Archived Version: August 17, 2010


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Wiggins and Johnson for state Supreme Court

Thursday, July 29, 2010 Primary ballots for Benton and Franklin counties should be in your mailbox today. Since the Supreme Court races will be decided in the primary election, if any candidate gets more than 50 percent of the vote, we're recommending now in these two races.

Position 6

Experience counts for a lot in judicial races.

All other things being equal, years on the job usually trump an untested challenger.

But state Supreme Court Justice Richard Sanders has made some unpopular decisions that have made him vulnerable this election.

Ready to take advantage of that are challengers Charlie Wiggins, a go-getter attorney from Bainbridge Island, and Bryan Chushcoff, a thoughtful Pierce County Superior Court judge.

Of the three, Wiggins gets our nod for the Aug. 17 primary election.

Sanders has been on the Supreme Court bench for 15 years and has written more opinions during his time on the court than any other member. A libertarian, he has a reputation for being an independent thinker and often holds a dissenting view. That's not a bad thing. It can be comforting to know there is someone on the court challenging the majority and keeping them on their toes.

But Sanders' convictions once led him to decide an attorney convicted of sexually molesting an 11-year-old boy should be suspended, while his fellow justices wanted the lawyer disbarred. Sanders said he simply was following the rules set out by the American Bar Association even though his fellow judges felt it was justified to go outside them. It's this kind of maverick attitude that has hurt Sanders in this election.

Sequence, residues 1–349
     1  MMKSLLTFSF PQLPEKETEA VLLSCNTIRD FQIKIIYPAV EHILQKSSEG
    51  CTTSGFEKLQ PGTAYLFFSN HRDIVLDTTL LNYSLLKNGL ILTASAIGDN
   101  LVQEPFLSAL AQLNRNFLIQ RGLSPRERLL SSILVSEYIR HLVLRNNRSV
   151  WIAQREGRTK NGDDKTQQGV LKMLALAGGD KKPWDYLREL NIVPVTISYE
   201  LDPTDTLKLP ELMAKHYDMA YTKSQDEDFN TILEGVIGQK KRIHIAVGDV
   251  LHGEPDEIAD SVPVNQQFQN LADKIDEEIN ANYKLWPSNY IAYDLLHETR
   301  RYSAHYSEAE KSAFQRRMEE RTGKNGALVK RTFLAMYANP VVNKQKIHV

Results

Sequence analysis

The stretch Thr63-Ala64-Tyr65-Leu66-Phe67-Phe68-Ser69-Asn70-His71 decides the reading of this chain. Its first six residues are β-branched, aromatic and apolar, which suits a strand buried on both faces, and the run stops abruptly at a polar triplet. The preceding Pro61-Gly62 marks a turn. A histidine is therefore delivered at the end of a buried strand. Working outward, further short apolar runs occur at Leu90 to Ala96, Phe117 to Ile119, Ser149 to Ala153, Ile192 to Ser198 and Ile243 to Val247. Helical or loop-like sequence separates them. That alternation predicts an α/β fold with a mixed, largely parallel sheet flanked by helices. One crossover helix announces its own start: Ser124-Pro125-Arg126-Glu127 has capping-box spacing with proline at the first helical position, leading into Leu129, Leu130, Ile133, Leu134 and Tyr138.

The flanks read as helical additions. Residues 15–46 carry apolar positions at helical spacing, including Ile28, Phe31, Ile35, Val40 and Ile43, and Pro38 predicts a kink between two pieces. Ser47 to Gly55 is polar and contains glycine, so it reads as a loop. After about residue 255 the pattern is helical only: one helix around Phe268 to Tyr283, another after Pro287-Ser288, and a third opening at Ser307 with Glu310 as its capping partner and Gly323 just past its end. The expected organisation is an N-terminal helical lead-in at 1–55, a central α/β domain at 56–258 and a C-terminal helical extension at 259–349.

It also sends up a flare when his endorsements in the judicial community cannot rival those of his challenger, Wiggins.

Wiggins has the support of 30 prosecuting attorneys (there are only 39 counties in the Washington) as well as endorsements from U.S. attorneys, deputy prosecuting attorneys and judges from around the state.

Chushcoff comes across as a sharp, meditative candidate who likely would make a fine Supreme Court judge. What he seems to lack is the energy Wiggins brings to the campaign.

While Justice Sanders has offered an important voice on the Supreme Court for many years, a large number of people involved in the state's court system believe it's time for someone new. That sways us.

For state Supreme Court Position 6, we recommend Charlie Wiggins.

Position 1

The Supreme Court race for Position 1 is more straightforward.

Justice Jim Johnson has been a judge on the Supreme Court for six years and is known for his analytical approach. He is a staunch supporter of individual rights, especially when it comes to property disputes. He has the support of law enforcement officers and four of the other State Supreme Court justices. He also has the endorsement of State Attorney General Rob McKenna.

His challenger, Stan Rumbaugh, is a highly respected, hard-working attorney who is very involved in the Tacoma community. He says Johnson is in too tight with certain special interest groups, such as the insurance industry, and questions his ability to judge cases fairly that involve those special interests.

We disagree. Johnson is able to justify his decisions based on the state constitution and his judicial beliefs.

When Johnson first ran for the state Supreme Court, he had no judicial experience -- just like Rumbaugh.

Now, however, he has that experience and that's where he has the edge.

For the State Supreme Court Position 1, we recommend Jim Johnson.


 
 

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